Read - Reading: Behavioral Economics When Psychology and Economics Collide by Scott Huettel (The Great Courses)
Lecture 6: Probability Weighting
"Probability weighting” describes how people tend to convert objective information about probability into a subjective sense of what may happen—which can lead to bias and error. Observe how this applies to real-life situations such as buying life or travel insurance, and learn two tools to change how you deal with probabilities.
Finished lecture 6 on probability and availability heuristic/bias

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Listened to S1 E5: A Level Playing Field? (Contested, Part 5 of 6) by John Biewen from Scene on Radio

Two families, both making big investments of time and money to involve their kids in sports. But the investments they’re able to make are very different. In Part 5 of “Contested,” our series on sports, society and culture: Sports and the American Dream.

Composite Photo: Thomas Schmidt, left, video still by Ian McClerin, and Jalani (“JT”) Taylor, video still by Hannah Colton.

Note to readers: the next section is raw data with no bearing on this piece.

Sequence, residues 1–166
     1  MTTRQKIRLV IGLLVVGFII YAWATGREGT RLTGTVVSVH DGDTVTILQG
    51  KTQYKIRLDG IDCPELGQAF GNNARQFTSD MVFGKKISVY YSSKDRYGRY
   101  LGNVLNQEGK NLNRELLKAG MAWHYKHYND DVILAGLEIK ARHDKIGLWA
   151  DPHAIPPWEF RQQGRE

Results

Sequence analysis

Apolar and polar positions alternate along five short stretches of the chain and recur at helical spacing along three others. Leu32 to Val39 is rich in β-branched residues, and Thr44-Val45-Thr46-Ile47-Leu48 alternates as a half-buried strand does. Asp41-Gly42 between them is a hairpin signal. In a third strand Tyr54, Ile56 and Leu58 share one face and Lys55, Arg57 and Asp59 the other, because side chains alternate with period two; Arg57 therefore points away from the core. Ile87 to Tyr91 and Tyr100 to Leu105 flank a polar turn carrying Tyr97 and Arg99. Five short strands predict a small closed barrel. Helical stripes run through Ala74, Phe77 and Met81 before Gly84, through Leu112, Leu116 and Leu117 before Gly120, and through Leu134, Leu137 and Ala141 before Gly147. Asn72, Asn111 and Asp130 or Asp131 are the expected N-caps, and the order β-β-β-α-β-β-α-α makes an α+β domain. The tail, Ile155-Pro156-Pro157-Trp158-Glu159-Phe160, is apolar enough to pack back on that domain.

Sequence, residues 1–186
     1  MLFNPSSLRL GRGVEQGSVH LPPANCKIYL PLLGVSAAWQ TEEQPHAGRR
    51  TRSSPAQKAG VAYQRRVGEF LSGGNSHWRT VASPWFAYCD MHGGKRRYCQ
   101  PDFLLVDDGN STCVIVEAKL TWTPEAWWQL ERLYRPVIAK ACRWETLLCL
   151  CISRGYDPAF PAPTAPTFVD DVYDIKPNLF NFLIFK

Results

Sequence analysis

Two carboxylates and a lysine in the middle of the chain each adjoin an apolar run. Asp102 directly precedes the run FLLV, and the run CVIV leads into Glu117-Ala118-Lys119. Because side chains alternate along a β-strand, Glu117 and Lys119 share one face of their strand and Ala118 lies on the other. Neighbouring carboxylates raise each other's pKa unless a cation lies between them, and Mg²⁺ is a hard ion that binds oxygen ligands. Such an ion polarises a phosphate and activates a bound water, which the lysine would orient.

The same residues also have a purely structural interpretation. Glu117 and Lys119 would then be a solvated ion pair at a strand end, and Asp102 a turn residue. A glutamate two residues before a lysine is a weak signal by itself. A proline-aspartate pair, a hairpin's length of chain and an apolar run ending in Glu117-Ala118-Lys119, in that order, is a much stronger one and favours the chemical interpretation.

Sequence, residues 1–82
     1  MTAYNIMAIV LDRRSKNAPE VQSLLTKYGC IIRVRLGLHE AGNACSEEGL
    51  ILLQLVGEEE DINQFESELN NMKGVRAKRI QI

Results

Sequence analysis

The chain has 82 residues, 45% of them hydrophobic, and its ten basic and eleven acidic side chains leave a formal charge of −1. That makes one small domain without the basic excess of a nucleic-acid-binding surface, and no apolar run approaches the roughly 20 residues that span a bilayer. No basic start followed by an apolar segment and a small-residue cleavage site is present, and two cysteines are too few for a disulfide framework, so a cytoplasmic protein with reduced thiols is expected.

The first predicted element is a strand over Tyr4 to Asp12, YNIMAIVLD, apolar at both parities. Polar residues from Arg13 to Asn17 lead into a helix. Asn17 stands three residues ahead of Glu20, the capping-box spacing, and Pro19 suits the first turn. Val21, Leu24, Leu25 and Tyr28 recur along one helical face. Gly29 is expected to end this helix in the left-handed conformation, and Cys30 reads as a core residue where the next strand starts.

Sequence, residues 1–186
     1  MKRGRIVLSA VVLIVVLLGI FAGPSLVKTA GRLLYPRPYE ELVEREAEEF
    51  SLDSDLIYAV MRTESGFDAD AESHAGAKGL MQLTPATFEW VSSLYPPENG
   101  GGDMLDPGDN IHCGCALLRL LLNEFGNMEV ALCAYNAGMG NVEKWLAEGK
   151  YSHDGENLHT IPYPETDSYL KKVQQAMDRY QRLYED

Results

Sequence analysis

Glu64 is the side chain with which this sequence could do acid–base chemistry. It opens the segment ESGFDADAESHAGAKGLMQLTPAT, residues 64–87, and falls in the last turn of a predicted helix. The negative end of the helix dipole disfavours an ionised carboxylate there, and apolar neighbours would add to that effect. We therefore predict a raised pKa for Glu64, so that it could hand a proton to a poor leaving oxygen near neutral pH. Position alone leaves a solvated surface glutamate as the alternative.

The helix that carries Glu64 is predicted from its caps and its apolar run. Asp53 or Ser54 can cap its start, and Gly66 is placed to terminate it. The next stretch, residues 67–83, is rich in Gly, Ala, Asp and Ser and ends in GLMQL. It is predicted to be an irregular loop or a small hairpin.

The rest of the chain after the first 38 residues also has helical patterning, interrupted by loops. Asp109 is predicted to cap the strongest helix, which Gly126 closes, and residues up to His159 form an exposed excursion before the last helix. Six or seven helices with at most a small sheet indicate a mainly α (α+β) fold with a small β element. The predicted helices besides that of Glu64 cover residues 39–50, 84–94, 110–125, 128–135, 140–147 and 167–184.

This is an awesome and eye-opening episode. The misconceptions about sports as a “way out” are apparently even worse than I thought they were. The statistics about becoming an elite physician being better than being a pro athlete are just stunning. The availability heuristic we’re given with relation to sports constantly on television and in the media is apparently heavily hampering a lot of people specifically and society at large.

Very few people really make any money through sports. Less than 5,000 men and women all-in make a living by doing it.

There are more black cardiologists in the US than there are black men in the NBA. The odds of getting an elite job by going to medical school are infinitely better than trying to get into professional sports.